Zoey Cigar-Hodge Mimecast

What has attributed to your success thus far and what types of obstacles have you had to overcome along the way as a Black professional? 

From a very young age, I have always been intentional about my success and have always looked for opportunities and programs that I can be a part of to get to the next level. In high school, I was part of a program called Minds Matter of Los Angeles which connects driven and determined students from low income families with mentors and college preparation resources to succeed in college and beyond. Outside of the work I was doing in my day to day at school and extracurricular activities, this program really helped me to be competitive in the college admissions process through providing college prep and exposure to college environments and attending summer college programs at Cornell University and Johns Hopkins University. After graduating college though, I was unafraid and moved to NYC to pursue my dreams and live life on my own terms and I was willing to learn and most importantly adapt. One of the most important lessons I learned early on was to adapt and hustle, to think critically, and figure out how to get things done and through this, I have constantly learned and gained new skills along the way.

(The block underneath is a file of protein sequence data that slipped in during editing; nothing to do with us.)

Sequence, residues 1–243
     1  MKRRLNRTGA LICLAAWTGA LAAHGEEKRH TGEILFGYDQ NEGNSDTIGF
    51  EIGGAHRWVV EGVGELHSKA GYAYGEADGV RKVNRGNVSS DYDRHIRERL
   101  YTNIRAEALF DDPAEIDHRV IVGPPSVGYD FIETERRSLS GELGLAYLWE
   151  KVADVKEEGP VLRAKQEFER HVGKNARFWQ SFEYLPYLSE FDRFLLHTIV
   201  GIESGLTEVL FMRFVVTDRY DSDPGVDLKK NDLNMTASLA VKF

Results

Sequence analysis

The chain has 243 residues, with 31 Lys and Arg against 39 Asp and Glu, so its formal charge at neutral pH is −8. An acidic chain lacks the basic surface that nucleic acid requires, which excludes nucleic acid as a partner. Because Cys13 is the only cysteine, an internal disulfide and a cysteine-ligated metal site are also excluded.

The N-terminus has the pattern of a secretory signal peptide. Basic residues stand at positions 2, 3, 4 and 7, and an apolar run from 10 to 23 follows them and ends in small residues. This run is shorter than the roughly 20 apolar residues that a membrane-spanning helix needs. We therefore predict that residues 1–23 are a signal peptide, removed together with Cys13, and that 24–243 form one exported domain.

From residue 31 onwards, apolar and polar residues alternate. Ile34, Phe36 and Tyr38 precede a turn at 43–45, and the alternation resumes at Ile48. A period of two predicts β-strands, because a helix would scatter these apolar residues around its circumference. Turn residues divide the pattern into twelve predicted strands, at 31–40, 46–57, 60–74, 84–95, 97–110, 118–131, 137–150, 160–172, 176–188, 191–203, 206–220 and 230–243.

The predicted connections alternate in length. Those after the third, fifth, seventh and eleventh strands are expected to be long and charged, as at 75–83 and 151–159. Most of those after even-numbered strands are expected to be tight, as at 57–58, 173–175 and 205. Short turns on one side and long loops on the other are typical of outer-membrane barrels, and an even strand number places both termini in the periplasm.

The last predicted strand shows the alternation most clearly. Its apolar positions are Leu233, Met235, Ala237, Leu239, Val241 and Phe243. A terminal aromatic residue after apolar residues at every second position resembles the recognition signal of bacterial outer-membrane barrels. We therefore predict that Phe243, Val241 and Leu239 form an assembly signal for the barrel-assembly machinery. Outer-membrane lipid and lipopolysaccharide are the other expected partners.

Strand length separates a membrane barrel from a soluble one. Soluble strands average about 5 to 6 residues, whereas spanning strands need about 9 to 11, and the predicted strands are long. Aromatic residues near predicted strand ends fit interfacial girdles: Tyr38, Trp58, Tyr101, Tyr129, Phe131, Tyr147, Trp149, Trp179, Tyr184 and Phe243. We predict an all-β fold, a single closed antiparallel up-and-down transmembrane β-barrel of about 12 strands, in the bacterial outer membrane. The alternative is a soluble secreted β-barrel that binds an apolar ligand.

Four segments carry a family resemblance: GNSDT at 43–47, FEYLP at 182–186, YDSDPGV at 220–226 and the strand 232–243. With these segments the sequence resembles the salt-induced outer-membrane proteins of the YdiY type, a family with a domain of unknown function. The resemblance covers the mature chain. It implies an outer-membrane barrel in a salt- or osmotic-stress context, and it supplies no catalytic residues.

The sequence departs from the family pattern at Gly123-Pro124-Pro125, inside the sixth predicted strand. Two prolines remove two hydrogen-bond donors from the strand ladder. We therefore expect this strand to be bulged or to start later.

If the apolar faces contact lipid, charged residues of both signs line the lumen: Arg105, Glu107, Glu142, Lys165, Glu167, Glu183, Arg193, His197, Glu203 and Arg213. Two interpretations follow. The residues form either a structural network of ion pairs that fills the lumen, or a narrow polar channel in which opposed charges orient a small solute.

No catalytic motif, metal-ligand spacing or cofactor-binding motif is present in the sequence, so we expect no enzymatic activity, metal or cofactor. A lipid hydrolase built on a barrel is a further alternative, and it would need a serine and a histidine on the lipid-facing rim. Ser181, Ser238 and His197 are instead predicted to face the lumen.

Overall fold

What advice would you give to other Black professionals who are interested in joining the tech industry? 

Be intentional and take the time to understand your value in relation to the company and role you are applying for 9 times out of 10 you are qualified and beyond talented however, you may not fully understand your skillset and how that will positively impact the team and company you are looking to join. The last piece of advice I would give is to join professional networks in relation for the role you are looking for and listen to podcasts and attend any relevant conferences they may have as these are often opportunities to learn market news and trends so you know what new skills and tools you need to learn.  

While general awareness of the problem of diversity in the tech industry is a step forward, to make a lasting change, real actions need to be taken.  Do you have any ideas or suggestions on what companies or employees can do to step up and make a difference?

For companies, it is nice to have employee resource groups (ERGs) but also ensure they have a budget to host engaging programs that provide a true network and resources employees can use. Also ensure there are professional development resources that have the potential to prepare your workforce for their next role, or continuously develop in their current role. 

For employees, if your company has a referral program, extend referrals outside of your immediate network to diverse candidates looking for an opportunity in tech. Whenever you have the opportunity, pay it forward through serving as a mentor, being a champion for diversity in tech, and an ambassador to your company.